65 million years ago, a colliding asteroid had a devastating effect on Earth’s ecosystems. How can we prevent this from occurring again? According to a paper presented at the 73rd Annual Meeting of the International Meteoritical Society by Gregory Matloff of New York City College of Technology, the best choice may be to try to deflect incoming asteroids rather than destroy them.
This could be accomplished by heating the surface of the asteroid just enough to create a jet stream, which would in turn alter the object's trajectory, hopefully away from the Earth. And just how do you heat up an asteroid? One way would be to construct a solar collector that could travel alongside the asteroid, concentrating the sun’s energy onto that asteroid. If the solar collector were sent out early enough, the heating could take place gradually over many months or even years, slowly nudging the asteroid out of Earth’s path.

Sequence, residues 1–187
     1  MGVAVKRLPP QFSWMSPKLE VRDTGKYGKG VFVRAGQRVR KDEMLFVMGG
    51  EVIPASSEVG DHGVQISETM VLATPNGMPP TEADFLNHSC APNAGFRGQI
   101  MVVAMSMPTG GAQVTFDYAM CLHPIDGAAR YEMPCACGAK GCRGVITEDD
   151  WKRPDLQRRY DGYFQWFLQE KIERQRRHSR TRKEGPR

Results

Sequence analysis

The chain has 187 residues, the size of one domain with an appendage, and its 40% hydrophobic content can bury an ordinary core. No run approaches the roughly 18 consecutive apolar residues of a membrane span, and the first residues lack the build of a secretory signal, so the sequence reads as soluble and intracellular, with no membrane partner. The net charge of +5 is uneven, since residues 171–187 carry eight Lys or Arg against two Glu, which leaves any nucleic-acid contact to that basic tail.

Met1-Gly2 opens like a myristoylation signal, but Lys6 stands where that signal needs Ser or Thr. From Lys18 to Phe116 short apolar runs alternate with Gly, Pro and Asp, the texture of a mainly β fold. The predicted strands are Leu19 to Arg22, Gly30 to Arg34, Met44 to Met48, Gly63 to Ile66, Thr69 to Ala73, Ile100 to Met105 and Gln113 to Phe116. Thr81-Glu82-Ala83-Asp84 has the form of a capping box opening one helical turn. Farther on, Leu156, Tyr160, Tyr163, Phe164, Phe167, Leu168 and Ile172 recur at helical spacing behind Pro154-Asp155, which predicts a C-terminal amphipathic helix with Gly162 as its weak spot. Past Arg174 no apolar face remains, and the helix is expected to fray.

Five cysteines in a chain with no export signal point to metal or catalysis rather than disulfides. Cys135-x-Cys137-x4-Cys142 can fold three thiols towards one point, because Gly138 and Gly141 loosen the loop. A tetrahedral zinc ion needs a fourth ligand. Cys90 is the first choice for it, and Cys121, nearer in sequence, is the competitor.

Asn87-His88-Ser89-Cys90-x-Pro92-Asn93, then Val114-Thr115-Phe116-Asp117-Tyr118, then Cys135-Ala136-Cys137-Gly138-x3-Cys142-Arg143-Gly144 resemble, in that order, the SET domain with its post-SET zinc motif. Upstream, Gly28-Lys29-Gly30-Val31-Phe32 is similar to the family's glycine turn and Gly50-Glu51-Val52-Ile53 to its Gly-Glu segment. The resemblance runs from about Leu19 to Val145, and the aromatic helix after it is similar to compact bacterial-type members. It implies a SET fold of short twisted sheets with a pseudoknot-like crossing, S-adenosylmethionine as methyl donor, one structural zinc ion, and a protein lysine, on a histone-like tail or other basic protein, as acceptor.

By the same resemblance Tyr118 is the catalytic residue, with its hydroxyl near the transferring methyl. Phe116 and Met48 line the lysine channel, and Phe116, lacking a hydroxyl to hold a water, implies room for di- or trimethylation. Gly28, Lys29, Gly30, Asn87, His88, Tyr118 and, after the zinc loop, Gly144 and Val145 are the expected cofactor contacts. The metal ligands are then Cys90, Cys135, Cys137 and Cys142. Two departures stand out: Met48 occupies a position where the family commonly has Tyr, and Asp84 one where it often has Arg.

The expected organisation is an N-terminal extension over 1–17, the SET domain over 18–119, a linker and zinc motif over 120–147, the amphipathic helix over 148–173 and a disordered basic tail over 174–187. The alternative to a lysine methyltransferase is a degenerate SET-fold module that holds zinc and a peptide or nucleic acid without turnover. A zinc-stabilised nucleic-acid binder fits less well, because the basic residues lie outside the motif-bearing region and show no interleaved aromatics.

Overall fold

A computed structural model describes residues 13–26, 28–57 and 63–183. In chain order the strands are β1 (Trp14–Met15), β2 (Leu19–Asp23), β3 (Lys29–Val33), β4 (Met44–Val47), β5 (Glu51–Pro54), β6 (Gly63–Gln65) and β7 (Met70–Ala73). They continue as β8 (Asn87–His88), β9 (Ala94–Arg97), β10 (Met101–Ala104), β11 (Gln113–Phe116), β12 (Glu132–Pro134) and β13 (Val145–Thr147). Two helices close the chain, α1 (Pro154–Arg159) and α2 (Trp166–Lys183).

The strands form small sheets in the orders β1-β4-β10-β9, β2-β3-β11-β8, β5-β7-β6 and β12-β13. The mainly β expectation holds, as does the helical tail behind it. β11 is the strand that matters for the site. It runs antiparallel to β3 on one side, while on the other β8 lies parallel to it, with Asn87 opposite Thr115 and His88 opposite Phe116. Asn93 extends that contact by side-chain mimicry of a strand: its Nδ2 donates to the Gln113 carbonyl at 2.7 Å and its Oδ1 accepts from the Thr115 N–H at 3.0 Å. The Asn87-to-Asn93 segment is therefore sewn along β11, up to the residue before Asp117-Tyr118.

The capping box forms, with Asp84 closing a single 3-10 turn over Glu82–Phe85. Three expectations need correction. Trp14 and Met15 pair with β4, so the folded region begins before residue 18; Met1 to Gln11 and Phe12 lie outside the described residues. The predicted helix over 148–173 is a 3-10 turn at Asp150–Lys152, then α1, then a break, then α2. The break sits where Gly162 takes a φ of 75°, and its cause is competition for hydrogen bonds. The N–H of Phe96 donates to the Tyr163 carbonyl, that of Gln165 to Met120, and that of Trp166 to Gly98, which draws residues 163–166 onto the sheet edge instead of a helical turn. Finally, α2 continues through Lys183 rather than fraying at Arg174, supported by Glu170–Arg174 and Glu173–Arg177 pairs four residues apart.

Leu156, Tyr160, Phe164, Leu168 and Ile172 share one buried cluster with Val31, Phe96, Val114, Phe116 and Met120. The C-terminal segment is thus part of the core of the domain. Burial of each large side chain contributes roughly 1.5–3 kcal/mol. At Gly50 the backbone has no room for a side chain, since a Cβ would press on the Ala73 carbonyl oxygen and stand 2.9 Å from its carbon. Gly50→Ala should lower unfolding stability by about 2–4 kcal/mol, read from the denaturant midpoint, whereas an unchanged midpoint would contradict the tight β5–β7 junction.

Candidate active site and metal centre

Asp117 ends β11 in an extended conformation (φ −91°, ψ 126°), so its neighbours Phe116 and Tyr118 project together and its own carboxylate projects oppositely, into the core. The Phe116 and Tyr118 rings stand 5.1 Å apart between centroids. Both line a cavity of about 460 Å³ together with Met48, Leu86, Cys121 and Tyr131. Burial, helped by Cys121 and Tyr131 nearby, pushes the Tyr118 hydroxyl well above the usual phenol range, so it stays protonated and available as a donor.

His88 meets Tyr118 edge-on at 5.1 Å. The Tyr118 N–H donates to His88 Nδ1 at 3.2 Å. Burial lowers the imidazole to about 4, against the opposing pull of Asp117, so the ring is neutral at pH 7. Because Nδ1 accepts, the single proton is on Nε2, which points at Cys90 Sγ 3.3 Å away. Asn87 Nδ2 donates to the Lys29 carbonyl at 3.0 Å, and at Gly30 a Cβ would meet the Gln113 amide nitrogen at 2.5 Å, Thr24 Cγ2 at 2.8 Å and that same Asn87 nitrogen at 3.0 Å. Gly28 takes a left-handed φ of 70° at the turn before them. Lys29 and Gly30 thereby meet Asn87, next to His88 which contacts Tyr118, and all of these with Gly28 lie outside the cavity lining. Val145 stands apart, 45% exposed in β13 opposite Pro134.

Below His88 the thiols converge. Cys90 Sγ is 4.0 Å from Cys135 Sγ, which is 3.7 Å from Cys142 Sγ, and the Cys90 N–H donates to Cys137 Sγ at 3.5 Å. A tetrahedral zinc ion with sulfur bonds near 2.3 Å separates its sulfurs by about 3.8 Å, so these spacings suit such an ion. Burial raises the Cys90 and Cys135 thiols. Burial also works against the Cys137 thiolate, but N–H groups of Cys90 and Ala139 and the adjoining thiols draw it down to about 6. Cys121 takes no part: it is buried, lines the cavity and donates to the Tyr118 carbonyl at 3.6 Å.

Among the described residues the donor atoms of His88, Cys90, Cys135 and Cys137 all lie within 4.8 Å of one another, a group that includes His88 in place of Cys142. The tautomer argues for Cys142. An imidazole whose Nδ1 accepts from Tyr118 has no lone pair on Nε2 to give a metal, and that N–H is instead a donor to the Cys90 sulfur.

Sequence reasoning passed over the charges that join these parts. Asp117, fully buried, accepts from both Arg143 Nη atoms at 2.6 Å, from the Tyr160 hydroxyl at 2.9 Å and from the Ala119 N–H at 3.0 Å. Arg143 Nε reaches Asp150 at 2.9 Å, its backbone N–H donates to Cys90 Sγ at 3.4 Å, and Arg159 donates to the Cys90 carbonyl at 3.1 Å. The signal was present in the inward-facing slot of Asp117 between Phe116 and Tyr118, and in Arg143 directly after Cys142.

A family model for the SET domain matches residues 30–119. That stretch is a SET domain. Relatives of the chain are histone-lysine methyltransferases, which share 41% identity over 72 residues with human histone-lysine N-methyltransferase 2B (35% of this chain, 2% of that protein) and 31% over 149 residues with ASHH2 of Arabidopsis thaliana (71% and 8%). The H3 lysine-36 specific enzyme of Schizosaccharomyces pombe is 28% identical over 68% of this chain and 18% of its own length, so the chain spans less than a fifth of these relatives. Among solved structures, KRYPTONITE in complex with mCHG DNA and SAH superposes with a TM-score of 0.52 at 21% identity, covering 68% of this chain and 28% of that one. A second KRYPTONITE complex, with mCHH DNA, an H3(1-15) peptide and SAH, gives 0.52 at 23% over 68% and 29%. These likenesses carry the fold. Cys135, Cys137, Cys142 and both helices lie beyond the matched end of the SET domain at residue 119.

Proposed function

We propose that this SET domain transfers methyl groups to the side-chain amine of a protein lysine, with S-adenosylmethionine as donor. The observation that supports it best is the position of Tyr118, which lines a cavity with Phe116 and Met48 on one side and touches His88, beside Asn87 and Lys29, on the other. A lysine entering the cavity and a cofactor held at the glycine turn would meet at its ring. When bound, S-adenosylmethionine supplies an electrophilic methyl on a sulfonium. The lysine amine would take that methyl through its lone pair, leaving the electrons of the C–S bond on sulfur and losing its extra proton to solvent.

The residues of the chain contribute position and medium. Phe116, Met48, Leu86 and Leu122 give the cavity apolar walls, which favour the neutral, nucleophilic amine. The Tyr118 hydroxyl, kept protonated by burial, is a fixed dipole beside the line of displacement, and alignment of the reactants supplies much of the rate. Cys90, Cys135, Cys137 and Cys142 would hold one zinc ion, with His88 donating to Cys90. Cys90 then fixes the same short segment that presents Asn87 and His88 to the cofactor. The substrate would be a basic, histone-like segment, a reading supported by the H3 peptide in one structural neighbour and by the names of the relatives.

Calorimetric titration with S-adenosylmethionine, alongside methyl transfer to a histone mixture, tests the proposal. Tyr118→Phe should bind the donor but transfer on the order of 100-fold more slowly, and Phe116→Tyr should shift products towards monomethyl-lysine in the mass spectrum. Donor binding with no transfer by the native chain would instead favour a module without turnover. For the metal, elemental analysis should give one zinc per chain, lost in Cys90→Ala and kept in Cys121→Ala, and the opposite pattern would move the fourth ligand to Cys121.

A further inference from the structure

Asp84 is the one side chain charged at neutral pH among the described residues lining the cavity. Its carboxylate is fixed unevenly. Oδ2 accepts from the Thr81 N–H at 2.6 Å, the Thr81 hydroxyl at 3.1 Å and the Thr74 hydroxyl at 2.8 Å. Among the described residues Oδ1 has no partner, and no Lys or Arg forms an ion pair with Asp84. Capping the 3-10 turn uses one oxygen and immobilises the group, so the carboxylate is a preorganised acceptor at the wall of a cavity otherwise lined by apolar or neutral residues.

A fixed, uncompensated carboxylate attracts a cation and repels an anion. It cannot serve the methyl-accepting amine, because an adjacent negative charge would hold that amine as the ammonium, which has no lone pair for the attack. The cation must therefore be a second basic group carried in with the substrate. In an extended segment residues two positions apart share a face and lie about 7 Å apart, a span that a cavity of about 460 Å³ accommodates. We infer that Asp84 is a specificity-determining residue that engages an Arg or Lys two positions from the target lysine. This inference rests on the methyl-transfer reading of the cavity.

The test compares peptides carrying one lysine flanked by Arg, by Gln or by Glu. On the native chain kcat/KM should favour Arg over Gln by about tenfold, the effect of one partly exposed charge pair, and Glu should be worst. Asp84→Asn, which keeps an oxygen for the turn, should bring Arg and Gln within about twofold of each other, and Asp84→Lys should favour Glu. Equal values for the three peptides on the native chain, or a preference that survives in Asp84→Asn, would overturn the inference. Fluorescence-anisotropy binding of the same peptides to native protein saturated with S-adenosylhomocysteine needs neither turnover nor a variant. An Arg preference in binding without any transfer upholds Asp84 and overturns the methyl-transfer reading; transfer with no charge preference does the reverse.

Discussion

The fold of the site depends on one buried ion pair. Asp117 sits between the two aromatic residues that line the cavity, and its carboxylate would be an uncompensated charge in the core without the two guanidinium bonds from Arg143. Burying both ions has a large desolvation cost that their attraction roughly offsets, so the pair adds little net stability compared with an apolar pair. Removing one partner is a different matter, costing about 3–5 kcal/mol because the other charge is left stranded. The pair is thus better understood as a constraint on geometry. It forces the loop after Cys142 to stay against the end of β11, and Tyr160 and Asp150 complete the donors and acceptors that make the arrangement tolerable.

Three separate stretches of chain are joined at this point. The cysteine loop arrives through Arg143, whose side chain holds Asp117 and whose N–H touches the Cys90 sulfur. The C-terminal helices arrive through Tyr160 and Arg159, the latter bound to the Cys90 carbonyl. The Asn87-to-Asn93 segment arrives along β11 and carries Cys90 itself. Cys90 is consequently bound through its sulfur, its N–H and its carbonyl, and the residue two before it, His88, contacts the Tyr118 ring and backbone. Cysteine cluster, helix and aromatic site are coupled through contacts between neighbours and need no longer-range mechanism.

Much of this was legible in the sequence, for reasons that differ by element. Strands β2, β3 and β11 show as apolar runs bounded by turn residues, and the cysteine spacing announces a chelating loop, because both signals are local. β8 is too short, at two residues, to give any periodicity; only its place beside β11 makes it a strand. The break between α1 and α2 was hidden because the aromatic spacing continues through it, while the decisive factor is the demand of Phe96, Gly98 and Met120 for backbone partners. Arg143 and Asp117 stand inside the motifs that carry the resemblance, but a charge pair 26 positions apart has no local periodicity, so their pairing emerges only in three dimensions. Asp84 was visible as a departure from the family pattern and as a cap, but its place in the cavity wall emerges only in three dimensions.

There are a few problems with this approach, not least of which is that such a device has never been built, let alone tested. It’s not clear whether we would be able to launch such a device with the precision required to generate the exact amount of heating needed to steer an asteroid away from the Earth. Still experiments are underway. Matloff and his team have been testing red and green lasers against asteroid samples here on Earth to see how far the beams penetrate and how much they heat up the rocks.
Asteroid collision is not an ideal threat by the way. Some day, another giant asteroid will cross Earth’s path. That day may come as early as 2036 if the asteroid Apophis passes through a specific ‘keyhole’ of space as it approaches us (impact estimated at a one in 250,000 chance, so don't sell all your possessions yet). Russian and American teams already disagree about how to treat this unlikely disaster. NASA hopes to have a contingency plan ready with plenty of time to spare.